work in
transitive verb Date: 1598 1. to insert or cause to penetrate by repeated or continued effort 2. to interpose or insinuate gradually or unobtrusively <
worked in a few topical jokes
>

New Collegiate Dictionary. 2001.

Look at other dictionaries:

  • Work-in — A work in is a form of direct action, where a group of workers whose jobs are under threat resolve to remain in their place of employment and continue producing without pay. The intention is usually to show that their place of work still has long …   Wikipedia

  • work in — {v.} 1. To rub in. * /The nurse told Mary to put some cream on her skin and to work it in gently with her fingers./ 2. To slip in; mix in; put in; * /When Mary was planning the show, she worked a part in for her friend Susan./ …   Dictionary of American idioms

  • work in — {v.} 1. To rub in. * /The nurse told Mary to put some cream on her skin and to work it in gently with her fingers./ 2. To slip in; mix in; put in; * /When Mary was planning the show, she worked a part in for her friend Susan./ …   Dictionary of American idioms

  • To work in — Work Work (w[^u]rk), v. t. 1. To labor or operate upon; to give exertion and effort to; to prepare for use, or to utilize, by labor. [1913 Webster] He could have told them of two or three gold mines, and a silver mine, and given the reason why… …   The Collaborative International Dictionary of English

  • Work ethic — is a set of values based on the moral virtues of hard work and diligence. It is also a belief in the moral benefit of work and its ability to enhance character. An example would be the Protestant work ethic. A work ethic may include being… …   Wikipedia

  • Work experience — is the experience that a person has working, or working in a specific field or occupation. Volunteer Work and Internships The phrase is sometimes used to mean a type of volunteer work that is commonly intended for young people mdash; often… …   Wikipedia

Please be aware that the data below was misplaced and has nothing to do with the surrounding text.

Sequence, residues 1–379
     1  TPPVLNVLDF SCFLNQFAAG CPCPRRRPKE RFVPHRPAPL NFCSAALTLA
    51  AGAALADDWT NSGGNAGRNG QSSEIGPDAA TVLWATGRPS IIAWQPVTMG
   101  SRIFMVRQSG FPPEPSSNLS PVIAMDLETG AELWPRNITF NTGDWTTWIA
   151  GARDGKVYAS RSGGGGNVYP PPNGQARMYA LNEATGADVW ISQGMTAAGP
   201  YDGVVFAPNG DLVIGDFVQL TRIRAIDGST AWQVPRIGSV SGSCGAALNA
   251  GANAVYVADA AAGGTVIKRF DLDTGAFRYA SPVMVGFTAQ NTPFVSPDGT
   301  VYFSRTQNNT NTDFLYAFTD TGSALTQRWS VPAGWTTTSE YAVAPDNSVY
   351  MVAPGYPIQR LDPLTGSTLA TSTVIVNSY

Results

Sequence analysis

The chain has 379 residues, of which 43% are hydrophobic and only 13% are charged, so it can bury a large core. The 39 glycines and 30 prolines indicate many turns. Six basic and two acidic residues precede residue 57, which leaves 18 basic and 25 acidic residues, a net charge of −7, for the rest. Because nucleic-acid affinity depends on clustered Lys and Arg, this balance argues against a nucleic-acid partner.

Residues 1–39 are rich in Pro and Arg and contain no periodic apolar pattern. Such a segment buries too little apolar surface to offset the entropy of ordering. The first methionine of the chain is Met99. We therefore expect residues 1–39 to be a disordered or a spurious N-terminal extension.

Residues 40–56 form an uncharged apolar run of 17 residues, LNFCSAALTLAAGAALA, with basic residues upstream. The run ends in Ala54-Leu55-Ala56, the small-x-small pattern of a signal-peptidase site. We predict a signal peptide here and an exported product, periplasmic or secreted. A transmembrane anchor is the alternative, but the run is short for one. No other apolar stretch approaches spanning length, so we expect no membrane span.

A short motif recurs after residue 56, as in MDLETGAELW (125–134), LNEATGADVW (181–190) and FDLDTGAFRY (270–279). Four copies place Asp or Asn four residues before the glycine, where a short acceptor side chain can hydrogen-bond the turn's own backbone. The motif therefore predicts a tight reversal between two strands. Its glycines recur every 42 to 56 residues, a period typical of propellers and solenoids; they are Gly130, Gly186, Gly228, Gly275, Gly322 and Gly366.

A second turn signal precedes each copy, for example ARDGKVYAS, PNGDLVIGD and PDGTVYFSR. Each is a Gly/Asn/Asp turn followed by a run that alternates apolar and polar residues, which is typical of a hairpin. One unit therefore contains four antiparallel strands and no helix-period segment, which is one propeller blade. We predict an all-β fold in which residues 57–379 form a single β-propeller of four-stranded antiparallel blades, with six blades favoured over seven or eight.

• Work — (w[^u]rk), v. t. 1. To labor or operate upon; to give exertion and effort to; to prepare for use, or to utilize, by labor. [1913 Webster] He could have told them of two or three gold mines, and a silver mine, and given the reason why they forbare …   The Collaborative International Dictionary of English

  • Work — (w[^u]rk), n. [OE. work, werk, weorc, AS. weorc, worc; akin to OFries. werk, wirk, OS., D., & G. werk, OHG. werc, werah, Icel. & Sw. verk, Dan. v[ae]rk, Goth. gawa[ u]rki, Gr. e rgon, [digamma]e rgon, work, re zein to do, o rganon an instrument,… …   The Collaborative International Dictionary of English

  • Work — (w[^u]rk), v. i. [imp. & p. p. {Worked} (w[^u]rkt), or {Wrought} (r[add]t); p. pr. & vb. n. {Working}.] [AS. wyrcean (imp. worthe, wrohte, p. p. geworht, gewroht); akin to OFries. werka, wirka, OS. wirkian, D. werken, G. wirken, Icel. verka,… …   The Collaborative International Dictionary of English

  • in good time — or[in good season] {adv. phr.} 1. A little early; sooner than necessary. * /The school bus arrived in good time./ * /The students finished their school work in good time./ * /We reached the station in good season to catch the 9:15 bus for New… …   Dictionary of American idioms

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